His deft puck-handling on a tricky ice surface in a nationally televised game was key for the Blues. Berube had been forced to shuffle lines in the prior game against the Edmonton Oilers because of COVID-19 absences and injuries. Kyrou ended up on a line with Robert Thomas and Vladimir Tarasenko and stayed there on Saturday.
The chemistry between Tarasenko, who is having a bounce-back season with 14 goals, and Kyrou was obvious. The playmaking was stellar.
"I thought he came out with energy and confidence and he was making plays," O'Reilly said. "It's not easy out there on that ice. Pucks are bouncing on that ice. So for him to have the confidence that he had and make some of the plays he made, it was impressive to see."
The Wild have been forced to adjust their own lineup for the same reasons. It might be fair to say they struggled without defensemen Jared Spurgeon and Jonas Brodin. When Minnesota coach Dean Evason pulled goalie Kaapo Kahkonen with eight full minutes to go in the third period, forward Joel Eriksson Ek's ability to move bodies around up front was also missed.
Kahkonen did not start the game. He replaced Cam Talbot after Talbot was injured. He allowed six goals on 28 shots, with five coming in the second period alone. Talbot's fashion choice to wear a toque over his helmet proved to be exceptionally popular on Twitter, so it was a shame that Evason was forced to go to the bullpen.
But he was trying to reignite a stagnant squad. This might have been a novelty game, but it was a regular-season contest with two points and the Central Division lead on the line.
"I think they got to their game quicker than we got to ours," Evason said. "Our sense of urgency has to be way quicker than the last 10 minutes of a hockey game when we're pulling goalies. We shouldn't be pulling our goalie with eight minutes left in the third period. That's not what we want to do. Having said that, we had a whole ton of chances to tie that hockey game up, or at least get it to one, but we have to find that.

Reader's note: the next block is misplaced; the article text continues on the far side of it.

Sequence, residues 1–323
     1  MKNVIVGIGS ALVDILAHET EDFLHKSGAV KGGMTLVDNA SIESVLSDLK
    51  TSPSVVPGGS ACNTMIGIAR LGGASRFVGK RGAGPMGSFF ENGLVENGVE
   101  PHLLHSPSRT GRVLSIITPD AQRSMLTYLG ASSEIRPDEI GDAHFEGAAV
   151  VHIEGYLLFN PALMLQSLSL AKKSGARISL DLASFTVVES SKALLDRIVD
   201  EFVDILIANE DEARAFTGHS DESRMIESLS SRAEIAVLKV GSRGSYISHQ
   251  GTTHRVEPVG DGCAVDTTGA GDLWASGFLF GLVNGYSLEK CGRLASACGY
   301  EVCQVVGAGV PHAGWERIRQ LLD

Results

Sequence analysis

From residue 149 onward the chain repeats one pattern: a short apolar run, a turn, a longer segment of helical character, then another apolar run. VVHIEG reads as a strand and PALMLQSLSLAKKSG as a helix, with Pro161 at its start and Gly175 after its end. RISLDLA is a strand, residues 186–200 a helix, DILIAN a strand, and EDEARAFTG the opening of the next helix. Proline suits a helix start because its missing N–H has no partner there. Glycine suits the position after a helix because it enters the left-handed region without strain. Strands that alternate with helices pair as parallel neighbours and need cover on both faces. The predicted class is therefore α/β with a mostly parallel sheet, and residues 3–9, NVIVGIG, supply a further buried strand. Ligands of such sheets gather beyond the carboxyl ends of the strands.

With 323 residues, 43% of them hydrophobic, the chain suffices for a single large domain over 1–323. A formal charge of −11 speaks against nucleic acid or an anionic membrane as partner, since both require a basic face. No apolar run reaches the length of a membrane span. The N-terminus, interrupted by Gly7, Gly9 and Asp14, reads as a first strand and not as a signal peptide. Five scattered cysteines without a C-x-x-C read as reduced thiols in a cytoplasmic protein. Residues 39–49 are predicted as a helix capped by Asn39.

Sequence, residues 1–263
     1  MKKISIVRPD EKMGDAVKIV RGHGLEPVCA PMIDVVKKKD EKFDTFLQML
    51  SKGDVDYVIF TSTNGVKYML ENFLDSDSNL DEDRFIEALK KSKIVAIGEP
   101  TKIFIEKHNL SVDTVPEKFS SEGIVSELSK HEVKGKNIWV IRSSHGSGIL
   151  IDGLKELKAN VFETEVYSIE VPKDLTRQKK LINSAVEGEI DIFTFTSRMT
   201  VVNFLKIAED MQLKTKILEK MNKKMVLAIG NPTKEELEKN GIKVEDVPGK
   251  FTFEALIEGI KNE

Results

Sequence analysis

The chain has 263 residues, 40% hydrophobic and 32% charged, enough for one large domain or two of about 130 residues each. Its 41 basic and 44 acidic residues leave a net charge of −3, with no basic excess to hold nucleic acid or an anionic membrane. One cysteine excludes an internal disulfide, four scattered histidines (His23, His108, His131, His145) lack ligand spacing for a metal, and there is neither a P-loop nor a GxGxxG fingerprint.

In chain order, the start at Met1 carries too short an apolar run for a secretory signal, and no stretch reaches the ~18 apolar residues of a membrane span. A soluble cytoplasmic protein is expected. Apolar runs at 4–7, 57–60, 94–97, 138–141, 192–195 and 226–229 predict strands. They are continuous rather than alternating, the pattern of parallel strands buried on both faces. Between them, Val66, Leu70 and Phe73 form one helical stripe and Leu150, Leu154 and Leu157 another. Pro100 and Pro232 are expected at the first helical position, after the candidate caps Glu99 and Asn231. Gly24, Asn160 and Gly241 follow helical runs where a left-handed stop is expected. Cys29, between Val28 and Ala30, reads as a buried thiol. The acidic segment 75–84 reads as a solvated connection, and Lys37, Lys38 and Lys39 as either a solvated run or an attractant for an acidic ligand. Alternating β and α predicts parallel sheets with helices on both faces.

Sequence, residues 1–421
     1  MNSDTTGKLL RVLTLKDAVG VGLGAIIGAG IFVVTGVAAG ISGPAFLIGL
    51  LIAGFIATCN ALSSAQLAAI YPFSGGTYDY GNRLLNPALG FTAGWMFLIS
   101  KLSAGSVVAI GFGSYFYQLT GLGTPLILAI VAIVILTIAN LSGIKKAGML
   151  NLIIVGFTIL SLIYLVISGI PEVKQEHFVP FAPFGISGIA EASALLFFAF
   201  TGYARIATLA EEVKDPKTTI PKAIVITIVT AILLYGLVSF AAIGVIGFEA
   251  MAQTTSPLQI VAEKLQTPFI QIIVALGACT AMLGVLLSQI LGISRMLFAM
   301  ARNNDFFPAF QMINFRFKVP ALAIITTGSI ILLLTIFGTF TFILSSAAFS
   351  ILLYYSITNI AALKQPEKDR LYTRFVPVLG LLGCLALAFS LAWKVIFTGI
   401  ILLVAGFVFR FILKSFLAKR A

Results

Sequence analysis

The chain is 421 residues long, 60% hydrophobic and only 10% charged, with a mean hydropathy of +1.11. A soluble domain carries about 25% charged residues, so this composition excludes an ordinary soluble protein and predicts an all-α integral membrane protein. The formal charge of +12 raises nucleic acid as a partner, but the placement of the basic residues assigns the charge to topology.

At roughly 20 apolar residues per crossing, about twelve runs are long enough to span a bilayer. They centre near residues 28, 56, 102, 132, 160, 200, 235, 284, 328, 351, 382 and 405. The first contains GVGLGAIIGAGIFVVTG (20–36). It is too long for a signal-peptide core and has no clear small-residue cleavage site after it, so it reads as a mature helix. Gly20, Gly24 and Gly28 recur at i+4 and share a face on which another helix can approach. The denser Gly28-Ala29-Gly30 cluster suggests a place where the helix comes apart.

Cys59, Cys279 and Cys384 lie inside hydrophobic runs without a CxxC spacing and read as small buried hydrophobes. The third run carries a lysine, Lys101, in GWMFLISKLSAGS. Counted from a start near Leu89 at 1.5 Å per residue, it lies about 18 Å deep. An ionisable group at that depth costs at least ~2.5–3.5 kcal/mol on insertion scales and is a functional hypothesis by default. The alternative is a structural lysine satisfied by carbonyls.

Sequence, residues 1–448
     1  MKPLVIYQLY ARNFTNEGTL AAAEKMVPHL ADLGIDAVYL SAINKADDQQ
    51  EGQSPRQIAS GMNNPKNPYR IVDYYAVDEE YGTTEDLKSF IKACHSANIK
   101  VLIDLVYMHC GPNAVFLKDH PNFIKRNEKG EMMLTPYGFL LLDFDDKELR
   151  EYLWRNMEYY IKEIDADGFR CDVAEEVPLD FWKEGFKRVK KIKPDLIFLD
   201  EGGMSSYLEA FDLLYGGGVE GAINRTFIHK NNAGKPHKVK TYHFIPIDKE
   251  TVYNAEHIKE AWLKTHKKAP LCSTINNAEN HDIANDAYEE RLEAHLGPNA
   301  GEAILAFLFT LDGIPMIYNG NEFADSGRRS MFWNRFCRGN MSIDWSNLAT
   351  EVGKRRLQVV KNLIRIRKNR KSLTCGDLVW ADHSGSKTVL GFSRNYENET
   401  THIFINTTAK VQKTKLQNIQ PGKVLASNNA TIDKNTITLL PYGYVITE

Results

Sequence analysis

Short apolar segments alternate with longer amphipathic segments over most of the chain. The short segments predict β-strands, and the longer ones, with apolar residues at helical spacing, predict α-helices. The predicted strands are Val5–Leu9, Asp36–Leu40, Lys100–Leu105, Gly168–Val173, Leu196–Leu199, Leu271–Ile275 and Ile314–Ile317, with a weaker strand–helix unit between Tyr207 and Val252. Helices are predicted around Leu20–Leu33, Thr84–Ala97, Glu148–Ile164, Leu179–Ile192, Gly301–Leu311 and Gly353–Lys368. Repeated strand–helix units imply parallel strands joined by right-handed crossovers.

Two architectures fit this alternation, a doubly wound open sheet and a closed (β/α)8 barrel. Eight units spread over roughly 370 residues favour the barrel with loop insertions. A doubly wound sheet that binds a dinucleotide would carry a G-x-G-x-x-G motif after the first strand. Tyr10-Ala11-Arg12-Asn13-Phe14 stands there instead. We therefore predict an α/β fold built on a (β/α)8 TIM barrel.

"We didn't simplify our game. They did."
To be fair, the circumstances didn't exactly favor the Wild. Minnesota hadn't played since Dec. 20 and had played only two games in the last 19 days because COVID-19 forced the league to postpone so many games. It's not easy for a team to sit like that and then battle the elements in an outdoor rink with unfamiliar sightlines.
But the Wild were ultimately doomed after that second period.
"The first two periods, I don't have words. Like, it's embarrassing," forward Mats Zuccarello said. "I think the first two periods, you have 40,000 people coming, freezing their asses off and we're playing like that?"
There were several aspects of the 2022 Winter Classic that characterized everything Minnesotans love about the hockey culture in the state. But in the end, it was the Blues doing the celebrating.
"You know what you're going to face. You're going to face a good crowd and bouncing pucks, not many plays and very cold," Tarasenko said. "But the people that organized this did a very impressive job. We're trying to have fun, and I don't think anybody complained about ice or the weather. It was a really nice experience for us."